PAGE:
Thousands of immigrants every year face detentions that can last days, weeks or years. An uncertainty which, in many cases, provokes mental health problems, including suicide. However, the campaign #Time4aTimeLimit (promoted by the Detention Forum and member organisations, as well as other individuals and groups across the sector), wants an end to this.
Virginia Moreno Molina
These figures have been published by Inquest, an NGO which collects information about deaths in detention centres. In fact, since the year 2000, there have been 35 deaths in these places.
This issue, together with abuse of immigrants by staff, the traumas and mental problems they face, and the scandals that have been happening throughout the years inside these places, have led more and more organizations, institutions, and members of political parties, to back the need to establish a time limit.
This is why the NGO Detention Forum which includes 40 organizations has committed itself to support the campaign #Time4aTimeLimit, with whom they want to establish a time limit of 28 days to resolve the cases of people detained in detention centres.
Last year alone, 27,331 people entered these centres, of whom 2,138 remained in detention at the end of 2017, according to government figures. Some were detained for weeks, but others might remain for months or even years.
In fact, the UK is the only European country where detention without a time limit exists, leading to the long and unnecessary detention of these people who can be deported at any moment.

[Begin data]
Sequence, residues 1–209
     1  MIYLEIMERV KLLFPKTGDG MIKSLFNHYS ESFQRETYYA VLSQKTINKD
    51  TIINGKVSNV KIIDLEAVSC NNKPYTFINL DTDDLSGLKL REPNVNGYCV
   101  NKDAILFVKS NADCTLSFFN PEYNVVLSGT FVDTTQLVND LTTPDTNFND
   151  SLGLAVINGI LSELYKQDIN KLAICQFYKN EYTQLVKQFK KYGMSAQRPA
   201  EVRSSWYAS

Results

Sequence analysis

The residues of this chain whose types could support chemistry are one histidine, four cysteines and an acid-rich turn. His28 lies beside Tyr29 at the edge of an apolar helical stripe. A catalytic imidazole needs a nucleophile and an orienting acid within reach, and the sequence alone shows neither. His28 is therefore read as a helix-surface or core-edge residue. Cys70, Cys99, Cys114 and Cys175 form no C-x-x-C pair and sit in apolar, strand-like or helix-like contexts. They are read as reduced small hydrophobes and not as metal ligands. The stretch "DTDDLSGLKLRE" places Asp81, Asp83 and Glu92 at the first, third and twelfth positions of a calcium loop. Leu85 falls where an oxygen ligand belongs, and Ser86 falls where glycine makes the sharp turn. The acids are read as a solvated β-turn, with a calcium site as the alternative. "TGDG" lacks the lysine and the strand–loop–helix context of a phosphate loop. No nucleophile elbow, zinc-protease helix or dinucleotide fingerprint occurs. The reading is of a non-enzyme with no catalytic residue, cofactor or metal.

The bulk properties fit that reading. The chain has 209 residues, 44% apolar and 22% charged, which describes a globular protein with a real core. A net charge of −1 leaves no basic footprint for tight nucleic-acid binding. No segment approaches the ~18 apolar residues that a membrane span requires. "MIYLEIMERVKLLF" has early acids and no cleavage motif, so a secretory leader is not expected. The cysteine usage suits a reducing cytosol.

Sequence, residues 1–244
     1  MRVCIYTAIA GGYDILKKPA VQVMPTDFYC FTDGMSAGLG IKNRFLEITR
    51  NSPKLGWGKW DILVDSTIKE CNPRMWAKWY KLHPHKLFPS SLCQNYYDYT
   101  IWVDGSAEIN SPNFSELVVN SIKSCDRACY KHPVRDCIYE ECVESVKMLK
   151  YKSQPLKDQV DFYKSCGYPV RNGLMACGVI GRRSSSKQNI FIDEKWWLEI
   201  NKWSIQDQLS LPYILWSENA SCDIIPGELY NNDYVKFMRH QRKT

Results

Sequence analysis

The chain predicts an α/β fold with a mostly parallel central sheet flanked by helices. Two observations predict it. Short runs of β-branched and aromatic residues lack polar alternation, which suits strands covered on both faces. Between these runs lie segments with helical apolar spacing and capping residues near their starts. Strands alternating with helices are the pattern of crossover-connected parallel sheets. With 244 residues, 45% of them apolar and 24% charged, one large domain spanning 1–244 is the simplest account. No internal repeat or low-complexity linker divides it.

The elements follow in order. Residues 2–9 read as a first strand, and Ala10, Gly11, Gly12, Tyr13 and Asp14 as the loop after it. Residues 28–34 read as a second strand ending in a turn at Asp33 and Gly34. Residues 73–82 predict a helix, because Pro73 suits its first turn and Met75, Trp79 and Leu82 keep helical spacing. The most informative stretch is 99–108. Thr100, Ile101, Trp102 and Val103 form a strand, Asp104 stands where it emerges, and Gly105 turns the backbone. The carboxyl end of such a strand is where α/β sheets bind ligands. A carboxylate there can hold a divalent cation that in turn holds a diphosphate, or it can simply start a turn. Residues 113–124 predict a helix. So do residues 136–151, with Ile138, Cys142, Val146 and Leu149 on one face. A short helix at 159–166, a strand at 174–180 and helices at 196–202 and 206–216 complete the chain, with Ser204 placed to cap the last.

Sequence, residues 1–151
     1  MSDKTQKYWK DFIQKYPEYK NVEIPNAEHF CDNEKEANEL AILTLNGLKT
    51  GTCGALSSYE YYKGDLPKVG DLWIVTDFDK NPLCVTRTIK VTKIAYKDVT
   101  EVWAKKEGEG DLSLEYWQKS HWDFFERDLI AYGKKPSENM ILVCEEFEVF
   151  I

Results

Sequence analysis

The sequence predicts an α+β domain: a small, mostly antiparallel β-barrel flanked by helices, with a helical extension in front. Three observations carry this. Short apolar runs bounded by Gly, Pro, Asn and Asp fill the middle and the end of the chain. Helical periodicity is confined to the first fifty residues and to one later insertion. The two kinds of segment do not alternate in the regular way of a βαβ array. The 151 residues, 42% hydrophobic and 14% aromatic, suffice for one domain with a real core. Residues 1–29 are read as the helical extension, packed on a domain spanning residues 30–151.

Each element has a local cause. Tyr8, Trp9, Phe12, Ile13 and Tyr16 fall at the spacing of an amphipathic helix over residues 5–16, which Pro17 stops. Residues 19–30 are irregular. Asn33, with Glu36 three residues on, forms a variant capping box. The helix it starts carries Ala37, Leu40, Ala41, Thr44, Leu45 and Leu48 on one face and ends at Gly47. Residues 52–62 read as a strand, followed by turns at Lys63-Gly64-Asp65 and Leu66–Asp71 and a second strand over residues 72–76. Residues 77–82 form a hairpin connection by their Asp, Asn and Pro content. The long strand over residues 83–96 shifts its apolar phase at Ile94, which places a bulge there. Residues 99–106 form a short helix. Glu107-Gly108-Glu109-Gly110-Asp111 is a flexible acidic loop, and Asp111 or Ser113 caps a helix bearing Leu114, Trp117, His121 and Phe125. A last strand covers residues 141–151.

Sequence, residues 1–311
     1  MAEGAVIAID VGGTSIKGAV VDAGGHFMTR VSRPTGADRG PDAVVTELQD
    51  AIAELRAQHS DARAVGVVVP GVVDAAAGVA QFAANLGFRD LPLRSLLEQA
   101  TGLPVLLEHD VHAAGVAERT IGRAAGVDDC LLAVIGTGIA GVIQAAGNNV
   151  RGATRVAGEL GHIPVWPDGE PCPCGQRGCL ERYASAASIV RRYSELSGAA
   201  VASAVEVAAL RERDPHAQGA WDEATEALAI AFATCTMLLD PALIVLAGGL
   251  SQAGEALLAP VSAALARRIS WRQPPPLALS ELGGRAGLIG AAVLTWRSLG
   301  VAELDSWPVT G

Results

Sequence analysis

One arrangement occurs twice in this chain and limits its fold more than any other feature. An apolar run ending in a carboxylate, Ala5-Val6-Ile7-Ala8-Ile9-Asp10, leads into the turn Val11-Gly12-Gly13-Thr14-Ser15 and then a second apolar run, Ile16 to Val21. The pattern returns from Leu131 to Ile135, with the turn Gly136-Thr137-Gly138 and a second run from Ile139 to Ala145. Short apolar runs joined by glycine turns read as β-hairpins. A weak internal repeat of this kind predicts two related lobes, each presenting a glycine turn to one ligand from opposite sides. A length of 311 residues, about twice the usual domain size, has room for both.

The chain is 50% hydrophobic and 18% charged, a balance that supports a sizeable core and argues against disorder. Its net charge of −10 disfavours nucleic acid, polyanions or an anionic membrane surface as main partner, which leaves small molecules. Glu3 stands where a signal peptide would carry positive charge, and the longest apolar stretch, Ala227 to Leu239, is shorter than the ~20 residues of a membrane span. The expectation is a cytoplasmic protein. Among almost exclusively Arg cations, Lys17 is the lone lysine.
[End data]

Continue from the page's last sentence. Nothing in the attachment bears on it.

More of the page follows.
At present, there are 10 detention centres in the UK, some of which are run by private security companies, and others by the Prison Service.
It is a system of indefinite detention, which not only threatens the fundamental rights of those detained, but also requires unnecessary costs which amount to an average of as much as “£30,000 to hold someone for 1 year”, according to Refugee Tales. Without any doubt, it is an obsolete system requiring modernisation, and fairer procedures for immigrants.
In addition, taking into account that there already exists a limit of 72 hours detention for pregnant women and children whose parents are seeking asylum, the limit of 28 days would be a way of reducing costs, closing some of these places, and putting an end to the business that detention centres have become.
Detention Forum explains the difference that this change would make: “For example, on 30 June 2018, there were a total of 2,226 people detained in Immigration Removal Centres and prisons.
If there were a 28-day time limit, 59% of those who were in detention on that day (1,316 people) would not have been there.”
In conjunction with this initiative, there is the project ’28 tales for 28 days ‘, run by Refugee Tales, and which is being implemented to draw attention to this issue through the stories of 28 people who have suffered detentions and have worked with them.
Beginning on September 11 the first story will appear on their website, and it will continue like this each day, always referring to the campaign, for 28 days.
Actors who have taken part in the project include Jeremy Irons, Christopher Eccleston, Shobu Kapoor, Maxine Peake, Zoe Wanamaker y Niamh Cusack, as well as the writers Kamila Shamsie, Patience Agbabi, Neel Mukherjee and others, who have been filmed reading the stories.More information can be obtained from Detention Forum y @DetentionForum
(Translated by Graham Douglas – Email: firstname.lastname@example.org)